There is a community in Sindh called ‘sheedi’. I have heard some refer to them to mean a bad person, just as in Punjab ‘majha’ is a bad word meaning ‘hoodlum’. Both words have noble origins. ‘Majha’ is from ‘Mi’raj’, a proper noun celebrating the ascension of Prophet Muhammad (pbuh) in the sacred month of Rajab.
‘Sheedi’ is from ‘Sidi’. If you go to Morocco you will find that our honorific appellation Syed is reduced to ‘Sidi’ or simply ‘Sid’. There was a soldier of fortune in Spain who fought both Christians and Muslims to become the country’s national hero.
The 11th century conqueror Rodrigo Diaz was called ‘El Cid’ by the Muslims and ‘El Camprador’ (the champion) by his countrymen. French classical poet Corneille wrote a play titled ‘El Cid’.
In the 1960s, Sindhi nationalism focused on Hoshoo Sheedi, the martyred general of the Talpurs, who had fought the British army bravely and was buried in Pakka Qila in Hyderabad.
The gravestone of his grave was actually found in Pakka Qila, after which the call to resettle the muhajirs was made. Sindhi nationalists wanted the Pakka Qila preserved as a historic site.
In 1962, resettlement was imposed and the muhajir houses began to be demolished, especially in areas settled by late arrivals.
This led to a fight between muhajirs and Sindhis. It was the trouble at Pakka Qila — and the growing gulf between then Prime Minister Benazir Bhutto and Army Chief Mirza Aslam Beg — that resulted in the dismissal of the PPP government in 1990.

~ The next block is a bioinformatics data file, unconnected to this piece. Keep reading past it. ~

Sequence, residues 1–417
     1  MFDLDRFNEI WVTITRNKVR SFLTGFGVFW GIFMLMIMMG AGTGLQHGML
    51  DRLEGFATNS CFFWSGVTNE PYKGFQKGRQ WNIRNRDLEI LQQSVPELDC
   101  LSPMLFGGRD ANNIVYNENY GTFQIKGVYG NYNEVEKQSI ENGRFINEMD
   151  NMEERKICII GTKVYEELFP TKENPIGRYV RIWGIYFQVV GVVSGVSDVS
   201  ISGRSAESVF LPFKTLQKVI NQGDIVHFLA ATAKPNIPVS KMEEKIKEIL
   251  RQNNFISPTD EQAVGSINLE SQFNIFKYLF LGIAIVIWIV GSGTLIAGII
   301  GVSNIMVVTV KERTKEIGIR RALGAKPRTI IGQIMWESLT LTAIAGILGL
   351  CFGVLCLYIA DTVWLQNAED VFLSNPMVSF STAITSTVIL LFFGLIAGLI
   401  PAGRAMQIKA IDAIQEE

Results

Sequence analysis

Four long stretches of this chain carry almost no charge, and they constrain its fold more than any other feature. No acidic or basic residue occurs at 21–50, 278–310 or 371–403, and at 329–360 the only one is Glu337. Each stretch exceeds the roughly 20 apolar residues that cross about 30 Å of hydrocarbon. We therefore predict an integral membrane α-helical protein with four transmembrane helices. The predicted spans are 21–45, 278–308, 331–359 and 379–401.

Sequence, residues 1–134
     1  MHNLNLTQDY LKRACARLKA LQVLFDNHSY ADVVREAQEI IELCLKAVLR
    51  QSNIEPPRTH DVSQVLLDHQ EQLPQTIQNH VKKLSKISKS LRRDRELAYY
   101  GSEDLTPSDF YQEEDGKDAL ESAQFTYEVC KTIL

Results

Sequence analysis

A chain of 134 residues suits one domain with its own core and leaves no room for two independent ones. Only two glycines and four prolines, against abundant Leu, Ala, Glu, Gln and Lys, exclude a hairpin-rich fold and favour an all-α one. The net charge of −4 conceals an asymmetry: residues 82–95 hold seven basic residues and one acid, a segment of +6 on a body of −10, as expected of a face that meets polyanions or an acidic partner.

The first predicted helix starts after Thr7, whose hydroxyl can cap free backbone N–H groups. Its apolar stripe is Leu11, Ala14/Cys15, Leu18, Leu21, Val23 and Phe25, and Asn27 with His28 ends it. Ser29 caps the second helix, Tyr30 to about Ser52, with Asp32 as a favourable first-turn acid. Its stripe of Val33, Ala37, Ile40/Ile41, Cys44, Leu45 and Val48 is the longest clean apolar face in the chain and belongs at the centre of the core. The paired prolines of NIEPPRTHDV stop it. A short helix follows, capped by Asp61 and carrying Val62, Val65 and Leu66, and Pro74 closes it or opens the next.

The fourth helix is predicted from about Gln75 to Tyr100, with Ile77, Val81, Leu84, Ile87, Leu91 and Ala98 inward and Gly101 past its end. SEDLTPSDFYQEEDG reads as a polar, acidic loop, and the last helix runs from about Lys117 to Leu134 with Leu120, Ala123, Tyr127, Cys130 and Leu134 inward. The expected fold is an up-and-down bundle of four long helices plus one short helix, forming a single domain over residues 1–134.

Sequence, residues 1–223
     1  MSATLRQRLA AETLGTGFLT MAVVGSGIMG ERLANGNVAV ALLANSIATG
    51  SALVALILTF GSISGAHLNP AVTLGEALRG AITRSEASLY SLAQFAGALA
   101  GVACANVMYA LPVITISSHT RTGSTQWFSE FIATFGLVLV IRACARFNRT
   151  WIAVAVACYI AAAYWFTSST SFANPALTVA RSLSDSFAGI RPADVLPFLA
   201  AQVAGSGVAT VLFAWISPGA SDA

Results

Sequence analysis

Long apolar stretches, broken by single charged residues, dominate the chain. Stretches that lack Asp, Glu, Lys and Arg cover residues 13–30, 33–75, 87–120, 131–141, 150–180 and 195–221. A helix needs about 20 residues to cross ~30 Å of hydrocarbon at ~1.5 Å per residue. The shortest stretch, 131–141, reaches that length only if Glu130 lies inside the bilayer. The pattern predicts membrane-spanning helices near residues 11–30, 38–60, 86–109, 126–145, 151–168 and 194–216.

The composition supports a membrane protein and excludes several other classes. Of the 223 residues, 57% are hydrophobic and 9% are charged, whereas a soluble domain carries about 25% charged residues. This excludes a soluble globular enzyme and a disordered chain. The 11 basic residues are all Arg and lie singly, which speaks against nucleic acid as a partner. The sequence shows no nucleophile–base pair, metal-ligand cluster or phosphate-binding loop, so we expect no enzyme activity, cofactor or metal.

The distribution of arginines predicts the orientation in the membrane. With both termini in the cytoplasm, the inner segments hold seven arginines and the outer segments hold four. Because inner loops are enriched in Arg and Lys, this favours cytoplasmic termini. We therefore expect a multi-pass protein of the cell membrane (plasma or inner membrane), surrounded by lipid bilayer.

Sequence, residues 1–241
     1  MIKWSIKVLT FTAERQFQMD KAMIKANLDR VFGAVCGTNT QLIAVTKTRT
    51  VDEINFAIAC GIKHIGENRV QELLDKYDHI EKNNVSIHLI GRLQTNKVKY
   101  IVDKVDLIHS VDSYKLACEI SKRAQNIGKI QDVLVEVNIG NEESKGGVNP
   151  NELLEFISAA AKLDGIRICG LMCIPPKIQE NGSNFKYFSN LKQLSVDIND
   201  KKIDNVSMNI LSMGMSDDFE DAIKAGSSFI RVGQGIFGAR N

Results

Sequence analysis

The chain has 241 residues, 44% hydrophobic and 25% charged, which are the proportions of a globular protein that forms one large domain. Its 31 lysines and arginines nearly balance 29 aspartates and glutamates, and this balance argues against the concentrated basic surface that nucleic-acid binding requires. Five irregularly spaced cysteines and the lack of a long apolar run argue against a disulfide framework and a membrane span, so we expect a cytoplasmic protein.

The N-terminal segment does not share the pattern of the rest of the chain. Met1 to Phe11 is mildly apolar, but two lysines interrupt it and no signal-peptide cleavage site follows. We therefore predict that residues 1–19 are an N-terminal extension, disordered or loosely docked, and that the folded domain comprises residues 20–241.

Who was Hoshoo Sheedi called ‘sheedi’? The original word must have been ‘Syedi’ which means ‘my lord’ in Arabic. But why should a Sindhi person be called ‘sheedi’?
Helene Basu, Associate Professor at Free University in Berlin, is a leading authority on ‘sheedis’. In medieval times, black African slaves were brought to South Asia in large numbers. Medieval Indian history refers to Ethiopian or Abyssinian slaves serving at royal courts or in the armies of imperial/local rulers.
According to Dr Basu, Sheedis are found in many states in India, but nowhere do they exceed 20,000. The largest community of Sheedis is found in Sindh: some years ago, there were 50,000 of them, ‘but that number must have trebled’.
The question is why are black people called ‘sidi’? Is it some kind of euphemism to avoid giving offence? After all, ‘maula’ (owner) in Arabic also means ‘slave’. The answer is in etymology. And a very strange etymology it is, as found in the Holy Quran.
The root is ‘swd’. It means black. It is from this root that we get ‘aswad’ the adjective we apply to hajr aswad the black stone that lies at the centre of the ritual of Hajj. Somehow the Holy Quran also uses the word for any thick collection of things.
Thickness implies blackness especially in regard to trees. The Holy Quran denotes wealth and large population by ‘sawwaad’. The leader of a large population is called ‘al saayid’, from where Syed (leader) is derived. He is rich and commands respect. We often refer to the majority population as ‘sawad-e-azam’.
It is therefore not surprising that African slaves brought to Sindh were called ‘sidis’. We made ‘sheedi’ out of that and applied it to hoodlums. Some sidis must have taken to bad ways. But the root of ‘sidi’ does mean black. It is another way of saying ‘habshi’.
Today, Sheedis live in Lyari and the coastal areas of Sindh. They are believers in the healing quality of the crocodiles of the Manghopir shrine.
Published in The Express Tribune, October 26th, 2011.